Putting it All Together

Here’s where the magic happens. By combining the elements we’ve discussed, we can create our own adventures that maintain and improve our skills, all the while providing enjoyment and great memories. One example would be to plan an air camping trip. You could test not only your planning skills, but also your backcountry flying skills. Such a trip would also give you a chance to camp your way around the country, while challenging both your planning and packing skills.

Another idea would be to plan a trip to attend an advanced flight training course, like formation flying or the aforementioned upset recovery classes. It would not only exercise the planning muscles, but allow you to be in good trim arriving at the class having just flown in. The idea could be as simple as flying to a pancake breakfast to enter a landing contest.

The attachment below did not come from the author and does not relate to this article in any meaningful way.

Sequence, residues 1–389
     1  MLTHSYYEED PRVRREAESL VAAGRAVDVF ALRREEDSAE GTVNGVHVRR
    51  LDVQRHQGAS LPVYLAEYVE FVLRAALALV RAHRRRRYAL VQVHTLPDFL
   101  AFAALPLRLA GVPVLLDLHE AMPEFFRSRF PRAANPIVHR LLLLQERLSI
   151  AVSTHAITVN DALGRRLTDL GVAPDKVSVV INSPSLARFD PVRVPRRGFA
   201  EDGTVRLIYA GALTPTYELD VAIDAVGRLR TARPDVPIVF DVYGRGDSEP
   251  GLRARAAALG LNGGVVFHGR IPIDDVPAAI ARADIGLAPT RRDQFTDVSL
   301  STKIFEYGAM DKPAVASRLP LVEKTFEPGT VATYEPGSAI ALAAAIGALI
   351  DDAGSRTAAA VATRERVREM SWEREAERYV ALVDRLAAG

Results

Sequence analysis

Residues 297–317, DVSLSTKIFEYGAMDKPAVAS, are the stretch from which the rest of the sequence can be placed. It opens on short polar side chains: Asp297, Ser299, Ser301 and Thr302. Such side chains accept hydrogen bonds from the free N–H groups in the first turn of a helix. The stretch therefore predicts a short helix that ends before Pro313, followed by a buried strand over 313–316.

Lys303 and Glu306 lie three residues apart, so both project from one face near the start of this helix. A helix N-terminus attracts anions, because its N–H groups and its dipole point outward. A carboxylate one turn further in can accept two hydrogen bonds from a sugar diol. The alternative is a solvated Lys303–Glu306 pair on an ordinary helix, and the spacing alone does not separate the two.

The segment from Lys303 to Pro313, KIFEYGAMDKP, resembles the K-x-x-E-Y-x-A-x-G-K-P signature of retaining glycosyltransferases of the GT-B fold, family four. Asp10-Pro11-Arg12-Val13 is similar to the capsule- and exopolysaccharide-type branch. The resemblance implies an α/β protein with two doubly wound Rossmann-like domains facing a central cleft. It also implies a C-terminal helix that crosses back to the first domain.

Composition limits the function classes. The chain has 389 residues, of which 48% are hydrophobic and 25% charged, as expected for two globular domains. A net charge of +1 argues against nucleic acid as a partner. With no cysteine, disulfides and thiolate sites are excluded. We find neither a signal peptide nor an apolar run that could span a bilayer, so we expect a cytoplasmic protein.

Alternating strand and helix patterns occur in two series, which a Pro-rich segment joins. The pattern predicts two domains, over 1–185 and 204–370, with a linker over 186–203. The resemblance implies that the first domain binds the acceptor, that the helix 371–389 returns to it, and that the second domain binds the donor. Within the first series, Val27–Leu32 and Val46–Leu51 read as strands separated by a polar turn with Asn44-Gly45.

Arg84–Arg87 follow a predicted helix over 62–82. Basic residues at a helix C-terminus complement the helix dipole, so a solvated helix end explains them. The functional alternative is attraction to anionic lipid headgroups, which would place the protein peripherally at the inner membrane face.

Once you add these skills to your tool box it is important to exercise them as time allows. The whole idea is to provide yourself with new opportunities to spread your wings.

Of course, these are just my suggestions; what do you think? If you have any ideas, please let us, and more importantly, your fellow airmen know. You might be able to turn someone on to a new adventure they hadn’t ever considered. If we want to have a vibrant, growing, and safe GA system, we’re definitely in it together.

James Williams is FAA Safety Briefing’s assistant editor and photo editor. He is also a pilot and ground instructor.